Writing Your Own Translator

Translators or renderers are nothing more than recursive tree iterators. In other words, they perform an action at each tree node by calling itself for each of that node's children. For example, a translator for the simple expression tree ['Plus', ['Literal', 'Int', 5], ['Literal', 'Int', 10]] could be evaluated with the following simple function:

var evalExpression = function (tree) {
    if (tree[0] === 'Literal') {
        // return the value of the node to the previous level
        return tree[2];
    } else if (tree[0] === 'Plus') {
        // return the sum of each child node to the previous level
        return evalExpression(tree[1]) + evalExpression(tree[2]);
    } else {
        // tree node ID is not known
        var message = 'unknown tree node: ' + tree[0];
        console.log(message);
        throw message;
    }
}

Or equivalently,

var evalExpression = function (tree) {
    switch (tree[0]) {
        case 'Literal':
            return tree[2];
        case 'Plus':
            return evalExpression(tree[1]) + evalExpression(tree[2]);
        default:
            var message = 'unknown tree node: ' + tree[0];
            console.log(message);
            throw message;
    }
}

Notice how the function calls itself in the if (tree[0] === 'Plus') case to determine the value of each child node before adding them together. Writing large if or switch statements in JavaScript can be messy due to all the extra syntax, so I recommend using CoffeeScript instead:

evalExpression = (tree) -> switch tree[0]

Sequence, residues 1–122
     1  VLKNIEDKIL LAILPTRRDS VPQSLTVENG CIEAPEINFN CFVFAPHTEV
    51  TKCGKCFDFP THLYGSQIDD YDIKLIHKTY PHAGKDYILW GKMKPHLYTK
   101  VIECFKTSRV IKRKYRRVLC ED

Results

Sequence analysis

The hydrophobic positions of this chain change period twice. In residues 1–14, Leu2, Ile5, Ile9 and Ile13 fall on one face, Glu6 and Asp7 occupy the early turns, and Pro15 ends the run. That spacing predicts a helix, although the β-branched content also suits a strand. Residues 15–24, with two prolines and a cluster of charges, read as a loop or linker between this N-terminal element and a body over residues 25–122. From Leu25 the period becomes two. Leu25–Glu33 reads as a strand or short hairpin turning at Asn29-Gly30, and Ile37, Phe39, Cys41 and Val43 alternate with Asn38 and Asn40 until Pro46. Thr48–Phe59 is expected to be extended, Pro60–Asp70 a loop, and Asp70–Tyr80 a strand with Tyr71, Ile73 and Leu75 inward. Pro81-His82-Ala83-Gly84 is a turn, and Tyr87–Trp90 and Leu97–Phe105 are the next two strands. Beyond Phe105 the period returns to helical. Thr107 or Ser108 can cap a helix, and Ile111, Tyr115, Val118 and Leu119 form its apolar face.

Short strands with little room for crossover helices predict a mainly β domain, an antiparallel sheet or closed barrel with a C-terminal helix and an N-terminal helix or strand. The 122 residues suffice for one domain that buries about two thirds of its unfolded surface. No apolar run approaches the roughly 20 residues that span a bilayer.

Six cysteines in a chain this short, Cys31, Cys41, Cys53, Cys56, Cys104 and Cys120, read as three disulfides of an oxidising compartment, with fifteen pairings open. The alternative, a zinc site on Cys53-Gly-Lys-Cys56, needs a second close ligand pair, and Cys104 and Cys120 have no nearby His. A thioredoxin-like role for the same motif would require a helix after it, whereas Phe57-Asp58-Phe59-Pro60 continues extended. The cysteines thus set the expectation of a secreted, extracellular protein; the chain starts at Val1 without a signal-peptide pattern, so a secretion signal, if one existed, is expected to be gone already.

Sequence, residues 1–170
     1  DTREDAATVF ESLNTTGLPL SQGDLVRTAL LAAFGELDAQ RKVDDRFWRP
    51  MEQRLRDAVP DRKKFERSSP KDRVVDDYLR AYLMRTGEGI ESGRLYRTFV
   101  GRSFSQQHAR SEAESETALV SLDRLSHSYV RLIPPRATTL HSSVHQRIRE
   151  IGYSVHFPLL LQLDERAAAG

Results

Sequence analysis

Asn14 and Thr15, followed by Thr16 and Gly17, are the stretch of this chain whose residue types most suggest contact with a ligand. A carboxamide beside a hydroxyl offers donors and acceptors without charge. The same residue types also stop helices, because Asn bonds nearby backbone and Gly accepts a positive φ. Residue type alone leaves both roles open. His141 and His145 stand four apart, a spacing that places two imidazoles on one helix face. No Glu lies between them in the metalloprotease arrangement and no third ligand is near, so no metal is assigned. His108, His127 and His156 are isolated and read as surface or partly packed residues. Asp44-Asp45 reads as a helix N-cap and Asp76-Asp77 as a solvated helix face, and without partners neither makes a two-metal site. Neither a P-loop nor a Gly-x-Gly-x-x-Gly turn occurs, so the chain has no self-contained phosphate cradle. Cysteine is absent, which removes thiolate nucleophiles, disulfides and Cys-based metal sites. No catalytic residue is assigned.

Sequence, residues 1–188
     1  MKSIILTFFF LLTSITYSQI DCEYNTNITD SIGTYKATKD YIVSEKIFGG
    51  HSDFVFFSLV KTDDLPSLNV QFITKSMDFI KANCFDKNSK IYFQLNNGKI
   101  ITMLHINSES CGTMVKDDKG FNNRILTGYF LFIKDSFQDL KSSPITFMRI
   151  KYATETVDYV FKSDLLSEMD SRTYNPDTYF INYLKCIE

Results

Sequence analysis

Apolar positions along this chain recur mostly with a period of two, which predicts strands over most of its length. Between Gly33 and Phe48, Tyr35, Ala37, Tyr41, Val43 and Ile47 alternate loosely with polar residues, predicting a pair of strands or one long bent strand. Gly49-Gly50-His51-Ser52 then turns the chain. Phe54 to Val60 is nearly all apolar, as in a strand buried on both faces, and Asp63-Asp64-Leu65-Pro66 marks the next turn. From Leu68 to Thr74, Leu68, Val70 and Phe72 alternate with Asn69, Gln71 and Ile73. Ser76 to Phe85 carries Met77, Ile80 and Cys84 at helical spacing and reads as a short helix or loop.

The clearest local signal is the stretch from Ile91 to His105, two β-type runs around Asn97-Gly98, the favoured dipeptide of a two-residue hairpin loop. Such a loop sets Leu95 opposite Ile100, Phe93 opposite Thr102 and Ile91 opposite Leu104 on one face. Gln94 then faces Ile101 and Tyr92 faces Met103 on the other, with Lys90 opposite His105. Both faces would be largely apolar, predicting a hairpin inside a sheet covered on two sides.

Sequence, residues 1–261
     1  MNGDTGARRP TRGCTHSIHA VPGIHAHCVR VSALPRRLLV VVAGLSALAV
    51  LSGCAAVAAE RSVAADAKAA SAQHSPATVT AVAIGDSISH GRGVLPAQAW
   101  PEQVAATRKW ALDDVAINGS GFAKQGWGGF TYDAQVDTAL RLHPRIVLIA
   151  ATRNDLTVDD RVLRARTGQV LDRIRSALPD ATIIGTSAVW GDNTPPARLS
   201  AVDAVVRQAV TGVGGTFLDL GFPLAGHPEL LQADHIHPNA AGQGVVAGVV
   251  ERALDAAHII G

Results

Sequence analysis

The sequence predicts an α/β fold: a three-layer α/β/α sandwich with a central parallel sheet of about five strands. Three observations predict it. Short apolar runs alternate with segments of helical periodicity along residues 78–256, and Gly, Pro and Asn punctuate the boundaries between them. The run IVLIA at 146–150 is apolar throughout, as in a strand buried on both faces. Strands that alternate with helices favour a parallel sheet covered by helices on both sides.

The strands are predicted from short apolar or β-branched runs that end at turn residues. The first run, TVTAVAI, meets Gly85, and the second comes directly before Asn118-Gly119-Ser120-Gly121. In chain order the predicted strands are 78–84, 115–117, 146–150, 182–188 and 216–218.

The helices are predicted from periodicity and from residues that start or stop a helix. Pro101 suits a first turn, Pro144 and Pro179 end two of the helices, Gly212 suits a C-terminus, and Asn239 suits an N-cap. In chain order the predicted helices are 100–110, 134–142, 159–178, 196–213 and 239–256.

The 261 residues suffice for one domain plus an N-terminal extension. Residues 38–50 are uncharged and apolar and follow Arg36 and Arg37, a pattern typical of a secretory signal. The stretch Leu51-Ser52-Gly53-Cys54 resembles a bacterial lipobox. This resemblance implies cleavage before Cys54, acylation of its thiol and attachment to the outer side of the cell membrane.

when 'Literal' then tree[2]
    when 'Plus' then evalExpression(tree[1]) + evalExpression(tree[2])
    else
        message = "unknown tree node: #{tree[0]}"
        console.log message
        throw message

Your language choice does not matter since CoffeeScript will be compiled into JavaScript anyway. All nodes are represented as arrays where the first element (i.e. tree[0]) is a string ID. Appendix B lists all tree node IDs and structures that MathLex produces. Write cases to handle all node IDs you wish to handle, and then leave a default case to gracefully deal with unknown node IDs.

After you've built a translator function, include the source file in the browser (compile first if it is written in CoffeeScript) and pass it an AST object returned by MathLex.parse(). For example, the following code would work in a web browser:

tree = MathLex.parse('5+10');
// => ['Plus', ['Literal', 'Int', 5], ['Literal', 'Int', 10]]
evalExpression(tree);
// => 15

Suppose we had a more advanced expression, say (33+3)/sqrt(3*3)-3. Assuming our evalExpression function had implemented division, square roots, and subtraction correctly, the code above would execute as follows:

tree = MathLex.parse('(33+3)/sqrt(3*3)-3');
// => ['Minus',
//      ['Fraction',
//        ['Plus', ['Literal', 'Int', 33], ['Literal', 'Int', 3]],
//        ['Function', ['Variable', 'sqrt'],
//          [['Times', ['Literal', 'Int', 3], ['Literal', 'Int', 3]]]
//        ]
//      ],
//      ['Literal', 'Int', 3]
//    ]
evalExpression(tree);
// => 9

Note that functions are stored in "builder notation" in which the first element of the Function node contains the function as an expression (in this case, just ['Variable', 'sqrt']) and the function parameters as a list of subnodes in the second element (in this case, [['Times', ...]]).